Astutis’ Technical Director, Brenig Moore, analyses the latest environmental terms and the effects they have on humanity’s attempt to curb climate change. Are portions of society becoming environmentally alienated?
2023 is steadily progressing. But as our most recent environmental blogs have concluded, the fight against climate change has now entered the end game. If we don’t do enough now, the damage will be too significant to reverse.
What society needs more than ever is consistency. If we all do our little bit, the contribution will be incredible.
For everyone’s contribution to bear fruit, we should support and herald the efforts of those proactively enforcing positive change. This should go for organisations and individuals alike.
Yet, new terms come to my attention as the year marches on. The notable term that engaged me was ‘greenhushing’.
If you have never heard of it, you are not alone.
Environmentalist and author Alex Steffen coined the term “greenhushing” in 2007. It combines the words “greenwashing” and “hush-hush.”
Greenhushing describes when companies deliberately underreport their green or environmental initiatives to avoid scrutiny.
The scrutiny could stem from parties who allege greenwashing or suggest an attempt to manipulate the environmental issue for improved public relations.
Reports have been published that indicate greenhushing is holding influence over corporate decision-making.
Ultimately, the notion of greenhushing originates from a place of fear that companies could face widespread backlash for reporting their ESG (environmental, social, governance) strategies.
Could the impact of public scrutiny deter organisations from introducing progressive environmental initiatives in the future? This is the most critical question from green-hushing – Could it delay the vital progress we need society to make to rescue the environment?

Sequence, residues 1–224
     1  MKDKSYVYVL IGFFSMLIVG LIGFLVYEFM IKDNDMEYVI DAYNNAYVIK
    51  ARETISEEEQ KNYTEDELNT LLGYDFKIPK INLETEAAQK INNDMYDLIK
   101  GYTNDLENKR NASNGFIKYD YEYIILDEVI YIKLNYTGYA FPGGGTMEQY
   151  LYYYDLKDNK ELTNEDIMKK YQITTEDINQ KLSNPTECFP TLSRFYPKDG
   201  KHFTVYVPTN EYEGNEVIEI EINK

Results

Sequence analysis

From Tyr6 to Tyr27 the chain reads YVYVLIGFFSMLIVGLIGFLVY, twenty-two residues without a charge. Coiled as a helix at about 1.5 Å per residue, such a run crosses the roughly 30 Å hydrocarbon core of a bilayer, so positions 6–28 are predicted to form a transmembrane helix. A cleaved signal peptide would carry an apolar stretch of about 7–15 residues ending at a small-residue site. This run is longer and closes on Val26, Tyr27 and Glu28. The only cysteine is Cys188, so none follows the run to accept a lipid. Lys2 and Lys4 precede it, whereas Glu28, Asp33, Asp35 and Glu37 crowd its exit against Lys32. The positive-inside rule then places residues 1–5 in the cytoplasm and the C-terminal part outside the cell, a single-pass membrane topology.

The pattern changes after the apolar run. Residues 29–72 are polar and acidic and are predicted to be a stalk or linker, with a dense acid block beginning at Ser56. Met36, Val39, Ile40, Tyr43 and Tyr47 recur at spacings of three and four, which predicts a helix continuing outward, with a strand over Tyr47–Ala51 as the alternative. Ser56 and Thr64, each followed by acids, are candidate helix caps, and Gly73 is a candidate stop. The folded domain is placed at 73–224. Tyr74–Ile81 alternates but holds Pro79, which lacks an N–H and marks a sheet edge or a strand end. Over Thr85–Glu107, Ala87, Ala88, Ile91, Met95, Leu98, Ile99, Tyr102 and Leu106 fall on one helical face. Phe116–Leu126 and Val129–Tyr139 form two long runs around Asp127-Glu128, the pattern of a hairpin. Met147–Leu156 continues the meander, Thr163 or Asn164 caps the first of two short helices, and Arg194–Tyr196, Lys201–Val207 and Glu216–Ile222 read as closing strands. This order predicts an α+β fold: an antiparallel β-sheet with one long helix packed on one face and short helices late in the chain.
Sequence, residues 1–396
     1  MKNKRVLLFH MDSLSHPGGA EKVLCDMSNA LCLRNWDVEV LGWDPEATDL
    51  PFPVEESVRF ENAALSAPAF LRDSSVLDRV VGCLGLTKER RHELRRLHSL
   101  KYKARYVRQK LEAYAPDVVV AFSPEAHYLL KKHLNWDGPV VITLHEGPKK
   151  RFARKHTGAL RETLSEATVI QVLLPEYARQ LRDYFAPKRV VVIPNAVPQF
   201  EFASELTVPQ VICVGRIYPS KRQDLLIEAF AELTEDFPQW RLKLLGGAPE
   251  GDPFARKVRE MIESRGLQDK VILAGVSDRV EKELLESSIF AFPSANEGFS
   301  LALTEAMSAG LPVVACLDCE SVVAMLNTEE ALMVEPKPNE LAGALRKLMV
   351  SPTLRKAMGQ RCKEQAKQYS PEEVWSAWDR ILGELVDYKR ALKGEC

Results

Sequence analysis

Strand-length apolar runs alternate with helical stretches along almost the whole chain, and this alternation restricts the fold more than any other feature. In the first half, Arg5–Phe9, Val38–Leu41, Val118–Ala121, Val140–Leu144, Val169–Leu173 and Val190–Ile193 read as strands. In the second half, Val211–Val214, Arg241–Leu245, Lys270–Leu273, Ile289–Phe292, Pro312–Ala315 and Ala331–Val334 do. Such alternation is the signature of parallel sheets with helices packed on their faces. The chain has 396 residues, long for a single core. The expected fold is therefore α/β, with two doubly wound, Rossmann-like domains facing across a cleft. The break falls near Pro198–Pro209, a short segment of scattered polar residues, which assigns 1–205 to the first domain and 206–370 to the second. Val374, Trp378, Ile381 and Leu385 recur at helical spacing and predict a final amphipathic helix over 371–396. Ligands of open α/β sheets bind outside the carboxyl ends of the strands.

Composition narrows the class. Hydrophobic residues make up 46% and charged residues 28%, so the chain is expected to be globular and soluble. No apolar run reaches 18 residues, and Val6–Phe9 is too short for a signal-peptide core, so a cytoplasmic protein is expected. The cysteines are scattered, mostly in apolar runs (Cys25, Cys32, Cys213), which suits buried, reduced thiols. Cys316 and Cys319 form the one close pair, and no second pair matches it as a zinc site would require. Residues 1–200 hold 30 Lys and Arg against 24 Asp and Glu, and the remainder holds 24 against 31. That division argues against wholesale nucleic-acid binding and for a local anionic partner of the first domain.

To begin, we should isolate the state of play from the environment.
In some of our content, we have highlighted the necessity of keeping the rise of Earth’s temperature within 1.5C. If the temperature rise above that, environmentalists and scientists conclude that the damage will be irrecoverable.
The notion of greenhushing is a direct result of the impacts of greenwashing. So let’s combat the problem at its source by understanding how to curb greenwashing.
- Transparency: Companies can combat greenhushing by being transparent about their environmental impact and what they are doing to address it. This means providing detailed information about their sustainability efforts, including carbon footprint, energy use, and waste generation data.
- Accountability: Companies can hold themselves accountable by setting measurable goals and regularly reporting progress. This can include publishing sustainability reports, disclosing information on environmental impact, and conducting third-party audits.
- Collaboration: Companies can partner with stakeholders, including customers, suppliers, and advocacy groups, to work collaboratively to address environmental issues. This can build stakeholders’ trust and credibility and demonstrate a sustainability commitment.
- Innovation: Companies can combat greenhushing by developing innovative solutions to environmental problems. This can include investing in renewable energy, adopting new technologies, and using sustainable materials.
- Education: Companies can educate their employees, customers, and suppliers on the importance of sustainability and how they can positively impact it. This can include training on eco-friendly practices, creating educational resources, and promoting sustainability initiatives internally and externally.
Greenhushing can stem from several factors, such as a lack of commitment to sustainability, a reluctance to invest in costly eco-friendly measures, a desire to maintain the status quo, or simply a lack of awareness or knowledge about the environmental impact of their operations.